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July 13, 2014

From the gridiron to the fairway, golf a new love for Quincy Wilson

MORGANTOWN — The image that remains in the minds of any West Virginia football fan of Quincy Wilson came in the closing minutes of a monumental battle with Miami in the Orange Bowl, the Mountaineers trying to pull off the greatest upset in the school’s history.

The muscular running back took a little swing pass from Rasheed Marshall at the Miami 33, shook off a tackle by burly defensive lineman Vince Wilfork, who played a decade with the New England Patriots; hurdled safety Sean Taylor, who was becoming an NFL star when shot to death at age 24, and then simply bowled over defensive back Brandon Meriweather, delivering a blow to what would become a Pro Bowl NFL player that sent him flying four yards through the air before running into the end zone.

It was a move that branded Wilson as real-life action figure, a physical freak who could eat nails, walk over a bed of hot coals carrying an elephant on his back and who, if he couldn’t leap over buildings in a single bound, could simply run right through them.

But what happens to a player like that, a physical specimen who feeds off such action, when the lights are turned off on his career and football is nothing more than a YouTube clip on his memory?

What is Quincy Wilson, who is serving as WVU’s assistant director of football operations, doing these days to stay active?

Golfing, that’s what.

At least that’s what he’s doing when he isn’t playing softball.

Honest.

“I started playing golf going to outings,” Wilson recalled the other day, referring to charity fund raisers.

It was a social thing. Play some golf, shake some hands, drink a beer … but the golf bug took a bite out of him.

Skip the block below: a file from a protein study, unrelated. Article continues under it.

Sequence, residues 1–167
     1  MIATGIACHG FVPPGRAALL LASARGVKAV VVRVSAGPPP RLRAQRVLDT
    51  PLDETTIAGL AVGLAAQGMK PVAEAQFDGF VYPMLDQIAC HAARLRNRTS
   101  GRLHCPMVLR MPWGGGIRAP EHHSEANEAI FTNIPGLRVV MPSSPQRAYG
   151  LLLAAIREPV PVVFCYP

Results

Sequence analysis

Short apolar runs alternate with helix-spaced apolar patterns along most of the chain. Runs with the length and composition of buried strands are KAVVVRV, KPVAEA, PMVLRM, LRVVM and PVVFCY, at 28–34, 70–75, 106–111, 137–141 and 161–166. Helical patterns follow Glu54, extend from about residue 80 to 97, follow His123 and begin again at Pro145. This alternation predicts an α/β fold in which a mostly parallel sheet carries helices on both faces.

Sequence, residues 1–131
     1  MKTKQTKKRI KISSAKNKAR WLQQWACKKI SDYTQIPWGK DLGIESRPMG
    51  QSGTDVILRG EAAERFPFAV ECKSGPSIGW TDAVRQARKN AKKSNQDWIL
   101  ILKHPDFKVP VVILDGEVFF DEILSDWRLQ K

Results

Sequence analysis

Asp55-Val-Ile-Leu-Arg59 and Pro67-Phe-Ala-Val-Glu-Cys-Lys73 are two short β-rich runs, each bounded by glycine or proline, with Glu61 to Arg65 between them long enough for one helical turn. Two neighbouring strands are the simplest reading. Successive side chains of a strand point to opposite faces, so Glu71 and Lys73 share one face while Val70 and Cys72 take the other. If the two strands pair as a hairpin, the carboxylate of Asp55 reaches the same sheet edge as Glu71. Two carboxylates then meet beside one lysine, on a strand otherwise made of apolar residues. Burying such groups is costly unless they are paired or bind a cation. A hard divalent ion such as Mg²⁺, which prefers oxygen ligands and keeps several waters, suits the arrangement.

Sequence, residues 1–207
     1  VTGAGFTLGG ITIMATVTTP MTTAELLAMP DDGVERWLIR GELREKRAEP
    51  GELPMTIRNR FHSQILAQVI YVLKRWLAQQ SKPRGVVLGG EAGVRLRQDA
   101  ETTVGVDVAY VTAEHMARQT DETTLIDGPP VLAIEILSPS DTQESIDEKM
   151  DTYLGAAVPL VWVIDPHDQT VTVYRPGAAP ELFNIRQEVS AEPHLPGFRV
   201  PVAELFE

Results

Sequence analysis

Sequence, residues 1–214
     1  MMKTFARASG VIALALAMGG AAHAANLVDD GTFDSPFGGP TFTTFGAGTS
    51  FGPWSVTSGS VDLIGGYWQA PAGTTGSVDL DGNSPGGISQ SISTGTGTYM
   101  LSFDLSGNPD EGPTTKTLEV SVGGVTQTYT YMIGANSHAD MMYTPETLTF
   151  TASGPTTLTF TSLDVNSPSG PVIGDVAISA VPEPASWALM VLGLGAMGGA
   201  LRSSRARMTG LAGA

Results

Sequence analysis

“It’s now gotten to the point where I’ll go play 18 or go out and play 9 if I have a chance,” he said.

“We have so many nice courses here … the Pines, Lakeview is a great course, Mountaineer … you can’t help but find someone who wants to go play.”

Somehow, you don’t picture the tough-guy football players taking up golf. It’s a game for quarterbacks. Marc Bulger, for example, once had his handicap down to a 1 and Mike Forte, who founded the Boston Beanery chain of restaurants in Morgantown, Grafton and beyond, recalls playing in the Brian Jozwiak Tournament with Bulger on his team at Bel Meadows in Bridgeport.

There is this one par 5 where if you hit the ball long off the tee, and Bulger does, you can go for the green but you have to hit it about 285 yards and there’s water in front along with a small opening between the trees.

“Bulger said I think I’ll try to go for it,” Forte recalled, relating that Bulger not only reached the green but made the putt to give their team an eagle 3.

But golf wouldn’t seem to offer enough of a physical challenge to the likes of a Quincy Wilson.

Don’t bet on it.

“It’s not even the challenge,” Wilson said when asked what it was that drew him to the game. “When you are an athlete in any sport, self-motivation is always the key. With golf, it’s the swing, it’s determining what club you use … if you hit a good shot it gets your chest pumping.”

He paused for a moment there, as if to let reality set in.

“Of course, on the next drive, you might hit it to the ladies’ tee,” he said, speaking like any other golfer.

It comes down to competition, to play against a golf course, against yourself and, of course, against your group.

“It’s the feeling you get when you do something good,” Wilson said. “It’s one of those sports everyone can play. You get going, get some competition going, especially with the guys on our staff when we get to talking at each other.”

Trash talking … from the gridiron to the fairways.

Now don’t get the idea that Wilson has mastered the game yet.

Few do.

“I can shoot in the low 90s now,” he said, inferring better things were to come and you have to believe if he works at it like he did football, he’ll figure it out. “I’m all in now. I just got my clubs regripped.”

How much does Wilson like playing golf?

“I love it,” he said. “Next to playing softball, which is my new love now, golf is a close second.”

Golf and softball for Quincy Wilson … sure hope they have that rule that keeps catchers from blocking home plate is ‘Q’ is trying to score.

Follow Bob Hertzel on Twitter @bhertzel

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